5) When 1/2 tsp of tea remains, swirl three times left to right and place cup upside down on the saucer to drain.
My tea leaves slid quickly from the cup and splashed tea droplets onto my bullet journal. That wasn't supposed to happen...
6) Read your cup:
do not hurry
start by facing the handle towards yourself
identify symbols & omens through close observation
use your imagination
turn the cup clockwise while reading from the handle
Using the little alphabetized symbol & omen booklet included in my tasseography kit, I slowly uncovered and discovered the meaning of the shapes in my leaves. Based on the massive leaf clumps clinging to the cup, I'm not entirely sure it drained correctly, but I did my best to decipher meaning based on what I thought I was seeing, where the shapes appeared in the cup, and how those shapes might relate to each other. If nothing else, I believe my reading was entirely unbiased because I truly did not know what I was supposed to be looking for! It took an hour to read the entire cup, section by section, and interpret using the booklet.
Self at Home
comet - misfortune or trouble
square - comfort and peace
dog - untrustworthy friends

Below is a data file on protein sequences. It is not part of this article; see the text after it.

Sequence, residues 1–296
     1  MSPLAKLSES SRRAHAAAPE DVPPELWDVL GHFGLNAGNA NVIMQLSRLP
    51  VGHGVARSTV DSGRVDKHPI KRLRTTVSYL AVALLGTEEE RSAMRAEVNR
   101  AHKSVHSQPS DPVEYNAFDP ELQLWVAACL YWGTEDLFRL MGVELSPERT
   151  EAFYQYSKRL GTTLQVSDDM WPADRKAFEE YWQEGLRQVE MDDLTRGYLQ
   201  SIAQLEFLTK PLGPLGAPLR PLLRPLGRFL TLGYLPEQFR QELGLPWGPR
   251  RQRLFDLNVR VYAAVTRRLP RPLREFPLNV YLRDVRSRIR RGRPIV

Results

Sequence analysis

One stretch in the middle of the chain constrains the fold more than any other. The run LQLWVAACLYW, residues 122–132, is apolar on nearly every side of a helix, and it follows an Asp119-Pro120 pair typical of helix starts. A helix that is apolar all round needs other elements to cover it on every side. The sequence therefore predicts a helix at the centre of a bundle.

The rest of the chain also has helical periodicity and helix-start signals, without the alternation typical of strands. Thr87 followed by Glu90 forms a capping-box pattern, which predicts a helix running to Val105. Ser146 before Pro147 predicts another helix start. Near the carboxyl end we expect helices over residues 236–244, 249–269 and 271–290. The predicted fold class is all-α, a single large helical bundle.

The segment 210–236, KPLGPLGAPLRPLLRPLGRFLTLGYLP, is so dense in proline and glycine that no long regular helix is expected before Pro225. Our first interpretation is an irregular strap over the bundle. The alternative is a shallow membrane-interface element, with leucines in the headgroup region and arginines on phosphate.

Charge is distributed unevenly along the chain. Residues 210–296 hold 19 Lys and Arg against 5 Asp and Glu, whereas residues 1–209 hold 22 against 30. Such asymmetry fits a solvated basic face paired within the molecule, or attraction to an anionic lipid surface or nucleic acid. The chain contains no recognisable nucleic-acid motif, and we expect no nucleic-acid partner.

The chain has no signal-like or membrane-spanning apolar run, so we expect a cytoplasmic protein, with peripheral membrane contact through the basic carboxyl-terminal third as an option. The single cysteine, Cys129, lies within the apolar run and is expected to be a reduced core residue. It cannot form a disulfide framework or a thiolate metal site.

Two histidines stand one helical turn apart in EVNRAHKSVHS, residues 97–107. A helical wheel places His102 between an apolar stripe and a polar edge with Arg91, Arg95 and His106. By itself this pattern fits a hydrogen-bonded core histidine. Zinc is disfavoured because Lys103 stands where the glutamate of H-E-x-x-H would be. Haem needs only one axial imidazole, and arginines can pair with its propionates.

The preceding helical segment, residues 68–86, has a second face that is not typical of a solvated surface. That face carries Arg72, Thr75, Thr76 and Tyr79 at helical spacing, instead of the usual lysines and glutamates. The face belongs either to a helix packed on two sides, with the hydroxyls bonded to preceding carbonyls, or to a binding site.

crescent moon - prosperity and fortune
ring - marriage
circle - money or presents
arrow - disagreeable letter from the direction in which is comes
twisted figure - disturbances or vexation
Near Future into Future
jackal - sly animal who need not be feared/mischief maker of no account
straight line - very pleasant journey
palm tree - good luck
heart (surrounded by a ring) - pleasures to come through marriage
triangle - good luck or unexpected legacy
flying bird - good news
man - visitor arriving or misfortune
women (with a ring of dots) - pleasure and happiness with wealth/children
dog - secret enemies
fish - good news from abroad
camel - burden to be patiently born
flower - good fortune, success, or happy marriage
Photos of used tea leaves are rather unpleasant to look at, aren't they? But what do you see?
As I reflect now on the reading, it's easy to see patterns & themes, positives & negatives, and polarizing symbols in my cup. It's fun to tease out potential meanings, especially by holding each symbol from the Self at Home and Near Future sections up to my current realities. While it is not at all uncommon to experience fortune and misfortune simultaneously (such is life!), it is uncommon - I think - to have them juxtaposed so clearly in one place to consider more deeply.
Perhaps I was just projecting and seeing what I wanted to see, my heart "athrob with [the] promise of [a] wedding." I am recently engaged, after all! Either way, it was a beautiful, soft hour full of permission to look inward and rest. What could be a better gift than that?
A Highland Seer. (circa 1881). Tea-cup reading and fortune-telling by tea leaves, by a highland seer. https://www.gutenberg.org/ebooks/18241
Zawinski, A. (2010). Hearts and diamonds: Or, the lesson of the gypsy tea room in tasseography and cartomancy. Paterson Literary Review, 38, 60–61.